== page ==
The influence of experimentally-induced endotoxaemia on clinical variables and markers of systemic inflammation in donkeys (Equus asinus)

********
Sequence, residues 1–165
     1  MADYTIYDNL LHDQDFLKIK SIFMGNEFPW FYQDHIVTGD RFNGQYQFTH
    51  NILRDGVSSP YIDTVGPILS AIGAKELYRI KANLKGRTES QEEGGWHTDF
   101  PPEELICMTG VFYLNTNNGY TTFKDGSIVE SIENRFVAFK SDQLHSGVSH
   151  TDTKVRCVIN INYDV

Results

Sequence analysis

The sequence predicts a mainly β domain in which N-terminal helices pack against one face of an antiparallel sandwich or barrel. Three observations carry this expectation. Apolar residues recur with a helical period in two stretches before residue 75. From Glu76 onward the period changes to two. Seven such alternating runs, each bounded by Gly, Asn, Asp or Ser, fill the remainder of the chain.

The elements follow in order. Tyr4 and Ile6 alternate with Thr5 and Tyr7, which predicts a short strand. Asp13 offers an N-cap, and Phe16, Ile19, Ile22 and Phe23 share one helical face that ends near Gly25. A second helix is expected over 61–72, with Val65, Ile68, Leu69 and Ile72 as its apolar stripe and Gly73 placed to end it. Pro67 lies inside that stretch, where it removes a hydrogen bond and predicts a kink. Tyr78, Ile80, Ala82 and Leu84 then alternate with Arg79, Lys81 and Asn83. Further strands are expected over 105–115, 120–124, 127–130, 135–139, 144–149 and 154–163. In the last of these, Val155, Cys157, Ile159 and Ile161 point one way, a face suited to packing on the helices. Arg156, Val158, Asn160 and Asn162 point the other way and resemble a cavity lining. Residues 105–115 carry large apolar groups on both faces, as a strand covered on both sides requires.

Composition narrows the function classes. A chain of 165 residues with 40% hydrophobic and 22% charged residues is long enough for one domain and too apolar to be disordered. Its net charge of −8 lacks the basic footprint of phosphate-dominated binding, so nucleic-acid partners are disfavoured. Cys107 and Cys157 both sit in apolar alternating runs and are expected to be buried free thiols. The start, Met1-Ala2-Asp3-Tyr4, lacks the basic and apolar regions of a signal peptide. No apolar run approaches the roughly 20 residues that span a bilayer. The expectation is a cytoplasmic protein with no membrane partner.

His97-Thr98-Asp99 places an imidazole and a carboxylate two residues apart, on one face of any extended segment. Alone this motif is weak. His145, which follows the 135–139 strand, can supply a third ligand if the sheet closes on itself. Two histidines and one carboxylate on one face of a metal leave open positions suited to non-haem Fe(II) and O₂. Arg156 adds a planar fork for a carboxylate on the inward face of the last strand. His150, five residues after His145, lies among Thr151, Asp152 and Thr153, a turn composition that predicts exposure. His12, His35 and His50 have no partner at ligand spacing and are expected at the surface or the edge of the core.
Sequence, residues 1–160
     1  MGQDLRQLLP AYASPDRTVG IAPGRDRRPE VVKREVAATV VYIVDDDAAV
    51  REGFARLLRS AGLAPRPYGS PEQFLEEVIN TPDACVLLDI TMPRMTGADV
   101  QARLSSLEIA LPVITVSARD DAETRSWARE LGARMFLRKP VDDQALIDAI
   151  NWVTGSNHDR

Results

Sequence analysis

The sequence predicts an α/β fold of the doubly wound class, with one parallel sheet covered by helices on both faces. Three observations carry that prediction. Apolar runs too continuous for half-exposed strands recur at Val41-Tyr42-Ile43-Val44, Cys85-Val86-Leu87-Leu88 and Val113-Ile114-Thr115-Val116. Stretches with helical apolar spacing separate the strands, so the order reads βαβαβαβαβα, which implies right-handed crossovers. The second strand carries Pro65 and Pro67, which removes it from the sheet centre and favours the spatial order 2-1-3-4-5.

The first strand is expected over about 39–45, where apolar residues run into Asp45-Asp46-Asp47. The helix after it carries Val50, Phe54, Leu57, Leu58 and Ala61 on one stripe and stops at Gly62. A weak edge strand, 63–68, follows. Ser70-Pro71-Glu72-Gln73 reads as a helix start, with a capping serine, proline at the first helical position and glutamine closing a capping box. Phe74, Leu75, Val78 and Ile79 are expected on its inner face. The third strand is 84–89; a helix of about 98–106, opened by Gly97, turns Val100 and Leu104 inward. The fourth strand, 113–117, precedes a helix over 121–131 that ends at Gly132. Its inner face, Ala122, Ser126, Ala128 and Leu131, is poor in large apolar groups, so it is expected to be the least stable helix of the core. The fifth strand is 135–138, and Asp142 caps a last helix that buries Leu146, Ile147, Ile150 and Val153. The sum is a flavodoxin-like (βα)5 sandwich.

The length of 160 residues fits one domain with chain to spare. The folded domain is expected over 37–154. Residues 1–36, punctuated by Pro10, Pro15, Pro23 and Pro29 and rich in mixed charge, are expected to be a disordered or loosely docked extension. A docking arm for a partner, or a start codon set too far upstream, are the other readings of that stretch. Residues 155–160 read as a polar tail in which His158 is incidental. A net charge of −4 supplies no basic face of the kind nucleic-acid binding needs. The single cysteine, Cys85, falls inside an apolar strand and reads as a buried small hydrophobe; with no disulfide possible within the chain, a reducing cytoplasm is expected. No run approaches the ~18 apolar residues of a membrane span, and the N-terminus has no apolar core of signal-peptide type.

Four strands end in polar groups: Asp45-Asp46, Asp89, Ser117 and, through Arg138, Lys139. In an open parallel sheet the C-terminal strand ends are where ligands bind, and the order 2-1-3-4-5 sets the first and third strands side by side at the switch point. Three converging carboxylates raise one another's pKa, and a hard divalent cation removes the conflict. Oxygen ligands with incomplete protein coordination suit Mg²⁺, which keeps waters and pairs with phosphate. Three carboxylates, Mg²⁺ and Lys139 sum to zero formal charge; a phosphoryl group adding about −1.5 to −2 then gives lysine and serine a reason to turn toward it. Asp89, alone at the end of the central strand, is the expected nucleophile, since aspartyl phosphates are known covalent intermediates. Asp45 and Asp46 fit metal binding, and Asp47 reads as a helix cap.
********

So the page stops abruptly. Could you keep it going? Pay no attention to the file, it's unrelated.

In view of the frequent involvement of endotoxins in the pathogenesis of equine diseases, the present study set out to gain preliminary insight into the challenge caused by lipopolysaccharide (LPS) exposure in donkeys and into the responses of animals to LPS challenge. To the best of our knowledge, this is the first study to determine the susceptibility and response of donkeys to LPS administration and the first to describe the extent to which donkeys can tolerate a state of endotoxaemia. For this purpose, 18 clinically healthy, native breed donkeys were randomly allocated into three groups of equal size. The first and second groups received E. coli O55:B5 endotoxin at a dose rate of 20 ng/kg (Low dose group), and 5.0 µg/kg (High dose group), respectively, after dilution in 500 ml of 0.9% normal saline, while the third group (Control) received 500 ml of 0.9% isotonic saline solution. Blood samples were drawn from each animal before exposure to LPS and hourly for 6 h subsequently to measure the circulating levels of inflammatory cytokines as well as the cellular response. All animals were clinically monitored throughout the study period. Following LPS exposure, donkeys in both treated groups had quite different temporal patterns of clinical manifestations. The high dose of LPS yielded a statistically significant (P < 0.001 and P < 0.001, respectively) increase in heart rate, and respiratory rate, as well as hypothermia and poor outcome compared with animals receiving the low dose. The severity of colic was, in general, mild in donkeys receiving the low dose of LPS, while the signs were overt in those receiving the high dose. Donkeys of both treated groups exhibited marked cellular alterations and up-regulation of tumour necrosis factor alpha, interleukin (IL)-12 and IL-10 with a marginal increase in the values of serum amyloid A compared with controls (P < 0.05). The results described herein demonstrate that donkeys can respond to even a physiological dose of E. coli O55:B5 endotoxin, while a high dose can elicit overt clinical alterations and marked inflammatory responses. Further studies with an extended follow-up time are needed to verify and generalise the obtained findings and to evaluate novel medications to minimise the deleterious consequences of endotoxaemia in equine patients.
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